Why Is Rain Water Naturally Acidic?

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Rain water absorbs carbon dioxide from the air it passes through on its way down. The carbon dioxide reacts with the water to form carbonic acid. This mechanism is one of the principal ways in which atmospheric carbon is scrubbed from the air and put back into circulation among living systems.

Carbonic acid is only weakly acidic. The compound is commonly used in sparkling wines and carbonated beverages, and it is a minor component of human blood. In contact with ferrous metals, carbonic acid is an effective oxidizing agent. By dissolving the surface layer of iron or steel, carbonic acid facilitates the transfer of electrons and promotes the growth of rust. Excess acidic rain can also have negative impacts on soil bacteria and the economically important crops that depend on them.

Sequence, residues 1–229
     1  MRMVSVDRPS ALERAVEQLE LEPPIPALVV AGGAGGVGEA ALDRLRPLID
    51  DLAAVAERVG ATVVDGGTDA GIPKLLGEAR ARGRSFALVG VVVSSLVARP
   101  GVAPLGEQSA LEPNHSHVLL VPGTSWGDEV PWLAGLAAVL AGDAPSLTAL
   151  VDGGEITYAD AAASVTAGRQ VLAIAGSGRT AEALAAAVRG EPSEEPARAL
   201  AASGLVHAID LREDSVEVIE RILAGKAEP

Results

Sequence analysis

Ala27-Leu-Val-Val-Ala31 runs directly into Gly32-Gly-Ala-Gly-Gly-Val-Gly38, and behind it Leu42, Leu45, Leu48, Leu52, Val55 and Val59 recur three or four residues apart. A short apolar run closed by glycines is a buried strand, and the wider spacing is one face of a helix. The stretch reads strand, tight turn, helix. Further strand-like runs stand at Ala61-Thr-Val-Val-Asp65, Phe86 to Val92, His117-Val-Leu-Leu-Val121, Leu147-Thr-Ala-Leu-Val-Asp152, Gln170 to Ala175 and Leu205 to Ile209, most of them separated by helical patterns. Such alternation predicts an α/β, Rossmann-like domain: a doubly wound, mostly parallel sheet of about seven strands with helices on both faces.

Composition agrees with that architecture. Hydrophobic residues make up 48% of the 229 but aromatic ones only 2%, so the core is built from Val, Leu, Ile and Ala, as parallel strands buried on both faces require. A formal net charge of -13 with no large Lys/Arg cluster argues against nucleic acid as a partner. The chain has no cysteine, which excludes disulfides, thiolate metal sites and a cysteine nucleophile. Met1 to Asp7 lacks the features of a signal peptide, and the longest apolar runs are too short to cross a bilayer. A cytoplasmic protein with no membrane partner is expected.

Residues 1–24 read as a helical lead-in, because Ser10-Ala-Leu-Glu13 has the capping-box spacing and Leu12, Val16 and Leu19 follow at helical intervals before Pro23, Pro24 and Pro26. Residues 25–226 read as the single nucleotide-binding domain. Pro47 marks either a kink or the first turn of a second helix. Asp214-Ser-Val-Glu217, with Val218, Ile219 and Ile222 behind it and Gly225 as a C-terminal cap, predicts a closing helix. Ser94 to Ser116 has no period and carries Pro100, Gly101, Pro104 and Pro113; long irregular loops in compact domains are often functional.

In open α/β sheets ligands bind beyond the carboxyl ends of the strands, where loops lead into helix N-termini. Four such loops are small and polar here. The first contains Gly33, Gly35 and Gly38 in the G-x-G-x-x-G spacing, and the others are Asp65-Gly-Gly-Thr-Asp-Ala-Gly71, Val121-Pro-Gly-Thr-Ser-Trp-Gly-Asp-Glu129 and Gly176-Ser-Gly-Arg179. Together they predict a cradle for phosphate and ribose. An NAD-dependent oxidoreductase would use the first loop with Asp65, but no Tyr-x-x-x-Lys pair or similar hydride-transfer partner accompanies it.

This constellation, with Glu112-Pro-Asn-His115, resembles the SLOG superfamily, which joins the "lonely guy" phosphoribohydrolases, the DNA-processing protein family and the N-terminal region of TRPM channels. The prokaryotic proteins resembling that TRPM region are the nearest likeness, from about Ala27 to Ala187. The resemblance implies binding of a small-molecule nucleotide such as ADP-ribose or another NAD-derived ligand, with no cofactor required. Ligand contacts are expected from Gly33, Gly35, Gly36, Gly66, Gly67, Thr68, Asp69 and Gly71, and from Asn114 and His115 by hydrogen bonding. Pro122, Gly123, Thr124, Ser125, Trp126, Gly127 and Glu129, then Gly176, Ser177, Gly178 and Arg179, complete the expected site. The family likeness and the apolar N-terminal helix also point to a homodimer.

The natural acidity of rain is due to the trace amounts of carbonic acid present in aqueous solution. It is not to be confused with the kind of acid rain that is sometimes the result of excess sulfur dioxide and other industrial pollutants in the atmosphere. Sulfur dioxide reacts with rain to form sulfuric acid, which has a much more extreme pH than carbonic acid and is much more destructive.